This theme was repeated throughout the series, not least based on Alexandra Eveleigh's experience at the West Yorkshire Archive Service . It has recently negotiated its first substantial digital archive – from MLA Yorkshire. From one perspective, this is a relatively simple story: local organisation is wound up and so local archives receive its business archive. It is likely to be a routine exercise. But it generates all the challenges in practice, resources and expertise that you might expect. Specific lessons were shared such as file-naming and the time taken to transfer data. But the key message was surely that managing and receiving real digital archives brings real experience and that the total of things to worry about is likely to be less than the total volume of literature on the topic.
You could also be forgiven for thinking that you need to be a large agency to get involved in the provision of tools and services for digital preservation. The Roadshow gave Viv Cothey the opportunity to demonstrate a simple tool called the Gloucestershire Archive Ingest Packager (GAip). This application has been written to construct an effective ingest package based on immediate migration to preservation formats and intrinsic metadata. Its principal utility is the way it reduces the time – and thus cost – of ingest into an archive. Ingest is often cited as a cost driver for preservation, so anything which simplifies this process is likely to be doubly welcome. Presented alongside PRONOM, DROID and the PLANETS tools – all of which have received significant investment – it is hard not to be impressed with what Gloucestershire Archives have achieved. With development support across the Severn in the form of the National Library of Wales and CyMAL, GAip seems set to go from strength to strength.
The next stop for the Roadshow was on a hot summer's day at the Borthwick Institute in York . The Borthwick's modern facilities within the University of York belie its origin: it predates the University by several years and, although it is now the official repository of the University's archives, it is also the diocesan records office for Yorkshire as well as a place for legal deposit of public records. This was an appropriate place to consider the relationships that exist between Higher Education and the archives sector and in particular how the tools and investment from the former might be adopted, adapted and deployed by the latter.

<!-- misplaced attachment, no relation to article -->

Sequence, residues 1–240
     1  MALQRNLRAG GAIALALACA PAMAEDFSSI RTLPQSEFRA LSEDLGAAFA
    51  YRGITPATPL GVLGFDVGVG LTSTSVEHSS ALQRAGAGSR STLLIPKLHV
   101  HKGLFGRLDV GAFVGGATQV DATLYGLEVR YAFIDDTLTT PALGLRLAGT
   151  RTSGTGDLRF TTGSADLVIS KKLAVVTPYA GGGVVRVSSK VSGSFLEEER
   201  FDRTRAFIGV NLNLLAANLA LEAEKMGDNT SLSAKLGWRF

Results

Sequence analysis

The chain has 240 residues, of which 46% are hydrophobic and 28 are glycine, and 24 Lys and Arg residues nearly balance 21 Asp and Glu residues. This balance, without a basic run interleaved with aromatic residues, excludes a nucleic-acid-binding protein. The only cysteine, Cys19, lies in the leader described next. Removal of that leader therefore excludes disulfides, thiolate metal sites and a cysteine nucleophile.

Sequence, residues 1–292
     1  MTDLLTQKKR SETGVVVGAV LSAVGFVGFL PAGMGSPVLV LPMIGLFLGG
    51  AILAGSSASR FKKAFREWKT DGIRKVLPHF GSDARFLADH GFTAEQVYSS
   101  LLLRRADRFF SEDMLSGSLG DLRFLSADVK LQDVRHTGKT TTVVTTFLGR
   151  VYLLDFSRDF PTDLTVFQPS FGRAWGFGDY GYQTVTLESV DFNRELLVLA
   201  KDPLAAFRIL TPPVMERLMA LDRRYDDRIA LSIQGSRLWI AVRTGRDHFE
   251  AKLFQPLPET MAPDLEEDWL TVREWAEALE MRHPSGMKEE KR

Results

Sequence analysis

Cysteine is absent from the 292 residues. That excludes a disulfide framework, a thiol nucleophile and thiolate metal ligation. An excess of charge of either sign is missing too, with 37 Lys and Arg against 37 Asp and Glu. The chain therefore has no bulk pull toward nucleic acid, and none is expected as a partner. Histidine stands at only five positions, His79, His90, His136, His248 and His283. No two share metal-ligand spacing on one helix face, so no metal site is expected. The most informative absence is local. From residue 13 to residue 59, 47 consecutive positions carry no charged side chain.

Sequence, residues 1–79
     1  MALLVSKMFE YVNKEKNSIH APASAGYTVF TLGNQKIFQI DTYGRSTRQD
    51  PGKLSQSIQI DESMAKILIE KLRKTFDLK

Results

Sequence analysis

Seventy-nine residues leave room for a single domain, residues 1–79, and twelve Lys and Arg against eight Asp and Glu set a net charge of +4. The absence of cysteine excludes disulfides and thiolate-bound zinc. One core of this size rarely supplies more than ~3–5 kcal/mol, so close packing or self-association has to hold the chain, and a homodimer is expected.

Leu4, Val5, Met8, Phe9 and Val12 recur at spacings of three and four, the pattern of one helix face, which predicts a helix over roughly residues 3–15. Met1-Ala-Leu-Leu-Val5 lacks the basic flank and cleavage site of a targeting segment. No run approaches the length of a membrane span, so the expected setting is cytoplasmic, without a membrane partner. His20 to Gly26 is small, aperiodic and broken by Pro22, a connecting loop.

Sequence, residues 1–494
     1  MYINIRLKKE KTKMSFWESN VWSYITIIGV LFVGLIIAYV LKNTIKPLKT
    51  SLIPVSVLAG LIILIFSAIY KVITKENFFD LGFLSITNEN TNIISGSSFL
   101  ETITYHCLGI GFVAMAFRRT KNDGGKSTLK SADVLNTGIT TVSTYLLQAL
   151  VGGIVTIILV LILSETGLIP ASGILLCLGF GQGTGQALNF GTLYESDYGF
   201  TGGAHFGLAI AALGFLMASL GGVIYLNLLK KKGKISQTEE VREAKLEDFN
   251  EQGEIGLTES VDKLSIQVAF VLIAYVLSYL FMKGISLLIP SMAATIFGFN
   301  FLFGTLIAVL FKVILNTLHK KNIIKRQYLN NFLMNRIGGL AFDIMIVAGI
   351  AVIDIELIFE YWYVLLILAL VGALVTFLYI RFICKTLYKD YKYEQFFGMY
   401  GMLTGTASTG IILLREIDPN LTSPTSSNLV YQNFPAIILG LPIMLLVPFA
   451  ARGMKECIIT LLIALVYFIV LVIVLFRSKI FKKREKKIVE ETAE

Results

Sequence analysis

The Higher Education sector has had a significant impact on the development of digital preservation in the UK, especially through funding from JISC. Neil Grindley gave a brief history of JISC's involvement in this domain, signalling the importance of collaboration to HE institutions, and underlining the growing importance with which funders view 'impact', such as the adoption and reuse of tools and services by others. Although the prospects for funding are not what they once were, a renewed emphasis on impact makes collaboration all the more important to funding bodies: and in this there is hope for archivists and records managers in diverse institutions participating in and deriving benefit from JISC's investment.
Two working examples supported the argument and showed how these relationships might work in practice. Chris Awre demonstrated recent developments at the University of Hull where an institutional repository – originally designed to capture and store research papers - has been embedded within a much wider organisational system that includes examination papers and audio-visual collections as well as organisational documents. So, based on this example, the prospect exists for any institution with a repository to consider and develop preservation services too.